Reply
    • Name2

      The music industry, of course, is known for its ethical treatment both of artists and customers.

      I know when my moral compass needs calibration, I ask myself, “What would the music industry do?”

      Reply
    • Versus

      “Copies of songs are now essentially free to produce and distribute.”

      True. But the cost of creation of music is not free. Nor is marketing, promotion, PR, management, accounting, video creation, and all else that may go into an attempt at a music career.

      Reply
    • Versus

      ““Is it ethical?” That’s rich. The music industry, of course, is known for its ethical treatment both of artists and customers.”

      A couple points here:
      1. There are ethical people and companies in the music industry. I’ve been fortunate to work with some of them.
      2. Even though there are many unethical in the music industry, that doesn’t justify accepting or perpetuating this as the status quo. Let’s change this.

      Reply
  4. Name2

    Legally, all of these services are legal. But are they ethical?

    Are we talking about streaming or relying on Creative Commins images on a for-profit website?

    Reply
  5. Blahblahblah

    There were executives at major labels, being paid millions, who thought it would be okay that Spotify would offer a free version for an indefinite amount of time. I hope they’re all stocking shelves at Trader Joe’s now.

    Reply
    • Sholomo

      Exactly! Starbucks at least offers health insurance. The reality is those execs were probably promoted.

      Reply
  6. Shlomo

    Apple embracing streaming radio is end of the music industry. Apple has now legitimized the biggest pirate of the world. Has anyone heard of the artists breaking from streaming radio? Yeah me either. Sometimes diversification isn’t good. 1000 places to hear music. 1 billion hobbyists claiming to be artists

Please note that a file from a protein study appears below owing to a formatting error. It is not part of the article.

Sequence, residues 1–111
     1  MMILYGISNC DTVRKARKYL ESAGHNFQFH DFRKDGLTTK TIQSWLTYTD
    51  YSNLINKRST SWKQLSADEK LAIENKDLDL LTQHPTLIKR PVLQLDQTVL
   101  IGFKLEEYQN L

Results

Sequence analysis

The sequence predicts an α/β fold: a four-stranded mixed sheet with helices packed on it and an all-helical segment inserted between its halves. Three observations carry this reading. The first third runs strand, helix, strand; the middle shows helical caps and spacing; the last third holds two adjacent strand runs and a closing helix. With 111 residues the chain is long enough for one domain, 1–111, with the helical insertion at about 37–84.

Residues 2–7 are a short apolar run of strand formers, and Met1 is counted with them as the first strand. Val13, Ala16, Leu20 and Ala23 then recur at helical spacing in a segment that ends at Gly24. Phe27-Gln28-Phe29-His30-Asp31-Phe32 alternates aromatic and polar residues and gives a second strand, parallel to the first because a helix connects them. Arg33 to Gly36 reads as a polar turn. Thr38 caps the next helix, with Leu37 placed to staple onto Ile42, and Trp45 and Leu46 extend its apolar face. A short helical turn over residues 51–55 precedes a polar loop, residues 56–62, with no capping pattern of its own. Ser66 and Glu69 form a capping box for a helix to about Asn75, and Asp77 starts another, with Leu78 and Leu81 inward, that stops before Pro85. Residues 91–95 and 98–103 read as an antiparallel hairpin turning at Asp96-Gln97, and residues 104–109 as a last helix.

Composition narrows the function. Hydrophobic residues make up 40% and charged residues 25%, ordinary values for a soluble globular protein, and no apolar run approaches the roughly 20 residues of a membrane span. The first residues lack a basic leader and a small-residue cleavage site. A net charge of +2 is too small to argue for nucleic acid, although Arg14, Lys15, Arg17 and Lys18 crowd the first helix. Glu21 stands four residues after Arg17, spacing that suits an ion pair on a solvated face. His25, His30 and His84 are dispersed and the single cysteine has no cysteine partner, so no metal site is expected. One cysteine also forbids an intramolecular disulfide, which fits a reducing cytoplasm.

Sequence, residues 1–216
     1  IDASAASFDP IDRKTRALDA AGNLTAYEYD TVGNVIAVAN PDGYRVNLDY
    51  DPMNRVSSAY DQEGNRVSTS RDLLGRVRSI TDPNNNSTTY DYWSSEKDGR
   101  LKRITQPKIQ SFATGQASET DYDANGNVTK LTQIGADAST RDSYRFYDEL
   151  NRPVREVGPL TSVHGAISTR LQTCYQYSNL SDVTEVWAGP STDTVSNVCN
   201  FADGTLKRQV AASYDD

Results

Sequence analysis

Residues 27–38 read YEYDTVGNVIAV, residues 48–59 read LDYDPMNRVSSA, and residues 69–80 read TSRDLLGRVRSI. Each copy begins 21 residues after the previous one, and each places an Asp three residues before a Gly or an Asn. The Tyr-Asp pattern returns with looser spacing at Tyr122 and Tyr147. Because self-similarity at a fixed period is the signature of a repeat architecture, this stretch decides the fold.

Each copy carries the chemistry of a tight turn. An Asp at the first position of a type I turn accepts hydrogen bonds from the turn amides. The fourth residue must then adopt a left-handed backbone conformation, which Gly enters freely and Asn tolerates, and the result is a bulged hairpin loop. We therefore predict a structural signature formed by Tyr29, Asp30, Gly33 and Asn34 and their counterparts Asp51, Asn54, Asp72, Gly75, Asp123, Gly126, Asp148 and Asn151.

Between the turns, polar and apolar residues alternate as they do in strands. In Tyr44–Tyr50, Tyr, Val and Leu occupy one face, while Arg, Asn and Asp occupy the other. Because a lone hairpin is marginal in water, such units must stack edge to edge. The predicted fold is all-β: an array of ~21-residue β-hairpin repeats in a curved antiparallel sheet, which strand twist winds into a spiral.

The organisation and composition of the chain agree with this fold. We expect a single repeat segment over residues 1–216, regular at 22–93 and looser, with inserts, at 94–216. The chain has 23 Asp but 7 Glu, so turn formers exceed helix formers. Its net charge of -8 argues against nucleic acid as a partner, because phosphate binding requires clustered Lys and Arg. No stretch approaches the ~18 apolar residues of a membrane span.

The devaluation of music is a travesty. And there’s always some idiot who says yeah but if 300 million people pay for streaming radio Than we’ll be be a 100 billion dollar industry.

    Morons. I asked 20 friends if they use Spotify or Apple Music. Half didn’t know Spotify and the other half said is Apple Music my iTunes library?

    Good luck converting your 100 billion dollar fantasy.

    Reply
    • DigitalMusic.us

      The reality is what other options does the music industry have? They either embrace streaming where they make pennies on the dollar or they’ll fuel outright piracy?

      I don’t see much of a middle ground.

      Reply
      • Versus

        The alternative, or rather additional action, is to demand real laws with real enforcement against piracy, including doing away with DMCA and its disastrous “safe harbor”.

        Once the black market is eliminated, music pricing at least has a chance to normalize in a fair and legal market.

        Reply
        • DigitalMusic.us

          The thing is.. can the black market ever truly be eliminated?

          Hell, not even in music.. in damn near anything. From credit card numbers, to sex slaves.. If you want it.. there’s always a way to get it.

          Reply
          • RS

            The film industry has done much better job of fighting pirates than the music industry. It’s not perfect, but the studios have enlisted the support of government trade bodies to fight piracy abroad, and have collectively amassed an effective body of lawyers, and instituted effective day-to-day practices . If yo go to a Hollywood film preview you often have to be searched at the door, and they have a guy with an infrared camera surveying the audience for illegal videoing of the screen for instance. A lot of stuff still gets through, but they have adopted the mentality of “we will fight piracy’ rather than “we will give in to piracy” as the music biz has done.

      • superduper

        What other options does the music industry have?

        How about:
        Ending streaming once and for all for long-term, permanent music listening
        Selling fairly priced music that customers would buy
        Selling GOOD music
        Allowing streaming to only be used as promotional tools for selling music

        Trust me, streaming is not the ONLY option that the music industry has.

        Reply
    • Anon

      Exactly.

      Apple embracing streaming means no more money from selling music for anyone except a few pop stars.

      Reply
  7. Anonymous

    Jimmy Iovine is an idiot, and little more than a shill for UMG inside Apple

    Reply
  8. lroosemusic

    That’s rich coming from the company that built the flagship device to store all your pirated music.

    Reply
      • so

        And it should be remembered that iTunes Match is essentially doing the same thing as Spotify’s free version if the music is stolen, and the vast majority is. And both Spotify free and iTunes Match pay a very similar rate.